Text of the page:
Why Cancer Drug Trials are Obscure on Outcomes
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Why Cancer Drug Trials are Obscure on Outcomes

By Pharma Tech Outlook | Monday, December 23, 2019

In terms of methodological deficiencies in clinical trials, it is essential to distinguish between what is unavoidable and avoidable.

Fremont, CA: With the rise in population, correspondingly, the number of people living with cancer is on the rise. Drug regulators are ready to speed up the approvals of novel cancer therapies through mechanisms like accelerated approval pathways that are granted to drug development programs. According to a recent cross-sectional analysis published in the British Medical Journal by academics in the UK, US and Canada, the need for speed comes at a cost. And the study analyzed 39 randomized controlled trials which support new cancer drug approvals from the European Medicines Agency (EMA) between 2014 and 2016. This is a gold standard method for evaluating if a treatment works.

In the analysis, out of 39 trials, 19 of them had a high risk of bias. In terms of trial outcomes, the efficacy of a cancer drug could be measured by looking at its effect on overall survival, and it is regarded as the best way. But not many drugs in the sample were evaluated based on overall survival. Instead, they were assessed on the basis of less objective surrogate measures such as progression-free survival. It means that if the investigators are aware of the information about the type of treatments received by the patients, it could either knowingly or unknowingly influence the assessment of that outcome.Top Pharma Analytics Companies

The other elements of trial design driving the risk of bias include Cochrane risk-of-bias tool compromising five domains such as randomization. There were cases where the trial was labelled as a randomized controlled trial. Also, at a few instances learnt from EMA reports, there were significant protocol deviations that could potentially influence the outcomes and magnitude of the benefit. Another issue will be the missing outcome data when patients withdrew their consent to continue taking part in the trial. For those clinicians who are considering treatment strategies, the lack of clarity around outcome data will create a confusing landscape for patients and them. However, blindly accepting the fact that overall survival is the best way to measure cancer drug outcomes is not advised as there are many alternative endpoints other than survival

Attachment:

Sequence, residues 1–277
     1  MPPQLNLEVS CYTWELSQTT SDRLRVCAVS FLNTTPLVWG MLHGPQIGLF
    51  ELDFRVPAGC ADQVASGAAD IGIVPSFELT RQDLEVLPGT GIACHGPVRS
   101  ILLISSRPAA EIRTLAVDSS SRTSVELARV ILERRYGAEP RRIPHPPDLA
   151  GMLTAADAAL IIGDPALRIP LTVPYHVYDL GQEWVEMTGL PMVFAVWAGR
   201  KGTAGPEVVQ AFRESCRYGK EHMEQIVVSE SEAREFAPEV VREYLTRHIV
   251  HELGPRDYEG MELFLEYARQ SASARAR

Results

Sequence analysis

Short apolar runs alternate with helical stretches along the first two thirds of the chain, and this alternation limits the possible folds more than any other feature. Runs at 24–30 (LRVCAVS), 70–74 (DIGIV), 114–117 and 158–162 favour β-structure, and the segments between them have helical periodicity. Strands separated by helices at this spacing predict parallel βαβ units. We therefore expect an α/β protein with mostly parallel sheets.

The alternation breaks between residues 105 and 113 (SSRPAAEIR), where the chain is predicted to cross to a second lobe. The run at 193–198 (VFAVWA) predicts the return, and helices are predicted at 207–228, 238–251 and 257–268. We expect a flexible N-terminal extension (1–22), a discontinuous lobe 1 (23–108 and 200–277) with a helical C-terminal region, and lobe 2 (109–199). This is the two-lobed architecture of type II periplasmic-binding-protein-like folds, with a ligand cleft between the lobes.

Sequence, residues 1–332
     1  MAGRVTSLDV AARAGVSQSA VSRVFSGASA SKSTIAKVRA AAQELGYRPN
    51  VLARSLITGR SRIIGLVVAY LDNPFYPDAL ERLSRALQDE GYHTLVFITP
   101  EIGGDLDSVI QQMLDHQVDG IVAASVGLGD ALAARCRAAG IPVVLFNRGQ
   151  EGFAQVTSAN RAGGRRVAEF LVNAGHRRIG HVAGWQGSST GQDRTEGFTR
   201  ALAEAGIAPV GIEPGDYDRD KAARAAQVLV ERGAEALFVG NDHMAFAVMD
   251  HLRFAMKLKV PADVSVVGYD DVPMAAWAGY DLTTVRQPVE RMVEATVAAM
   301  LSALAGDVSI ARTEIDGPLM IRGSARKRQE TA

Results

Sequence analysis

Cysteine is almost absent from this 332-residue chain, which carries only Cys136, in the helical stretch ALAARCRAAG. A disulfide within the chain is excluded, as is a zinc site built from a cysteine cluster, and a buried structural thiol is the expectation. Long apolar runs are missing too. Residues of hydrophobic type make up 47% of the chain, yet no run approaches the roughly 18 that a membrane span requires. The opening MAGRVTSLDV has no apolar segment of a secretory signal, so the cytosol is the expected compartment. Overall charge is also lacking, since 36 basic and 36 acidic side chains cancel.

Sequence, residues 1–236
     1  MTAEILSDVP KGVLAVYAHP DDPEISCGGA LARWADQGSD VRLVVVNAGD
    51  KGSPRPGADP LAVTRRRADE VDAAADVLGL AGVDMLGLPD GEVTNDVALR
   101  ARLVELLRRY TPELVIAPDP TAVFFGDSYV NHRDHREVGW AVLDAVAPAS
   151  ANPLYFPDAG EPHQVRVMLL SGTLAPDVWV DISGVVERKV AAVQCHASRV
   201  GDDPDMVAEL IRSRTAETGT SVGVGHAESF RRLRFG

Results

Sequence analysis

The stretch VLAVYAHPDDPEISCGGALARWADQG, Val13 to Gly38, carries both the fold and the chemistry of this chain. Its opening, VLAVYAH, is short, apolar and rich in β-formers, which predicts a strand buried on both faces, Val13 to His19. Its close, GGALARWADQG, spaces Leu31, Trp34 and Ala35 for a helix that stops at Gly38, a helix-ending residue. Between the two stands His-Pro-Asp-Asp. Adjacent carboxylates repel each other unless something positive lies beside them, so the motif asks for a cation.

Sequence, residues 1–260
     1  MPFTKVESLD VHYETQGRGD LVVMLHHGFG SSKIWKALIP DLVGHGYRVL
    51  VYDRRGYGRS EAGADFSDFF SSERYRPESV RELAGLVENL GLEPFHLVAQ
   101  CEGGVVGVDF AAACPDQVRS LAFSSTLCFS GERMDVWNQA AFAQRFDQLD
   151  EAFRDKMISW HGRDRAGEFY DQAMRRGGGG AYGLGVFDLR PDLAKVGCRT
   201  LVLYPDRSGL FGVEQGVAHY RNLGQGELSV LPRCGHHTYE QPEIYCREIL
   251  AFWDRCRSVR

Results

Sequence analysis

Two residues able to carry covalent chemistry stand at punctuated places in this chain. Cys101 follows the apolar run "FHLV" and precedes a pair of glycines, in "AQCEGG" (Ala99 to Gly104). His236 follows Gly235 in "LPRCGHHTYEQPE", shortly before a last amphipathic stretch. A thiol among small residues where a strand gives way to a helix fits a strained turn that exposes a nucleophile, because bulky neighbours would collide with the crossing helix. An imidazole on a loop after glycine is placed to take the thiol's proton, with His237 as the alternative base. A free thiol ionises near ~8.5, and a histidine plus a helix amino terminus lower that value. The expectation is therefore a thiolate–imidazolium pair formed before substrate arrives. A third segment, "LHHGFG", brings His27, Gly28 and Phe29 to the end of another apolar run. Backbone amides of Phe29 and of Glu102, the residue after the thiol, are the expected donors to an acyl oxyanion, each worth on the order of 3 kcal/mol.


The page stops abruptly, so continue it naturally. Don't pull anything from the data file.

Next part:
Further, there should be a better way to communicate the findings of studies to patients and doctors and is possible with the creation of a database that can be accessed publicly. This allows the patients themselves can examine the risk of bias in the trials that support the regulatory approval of these drugs.

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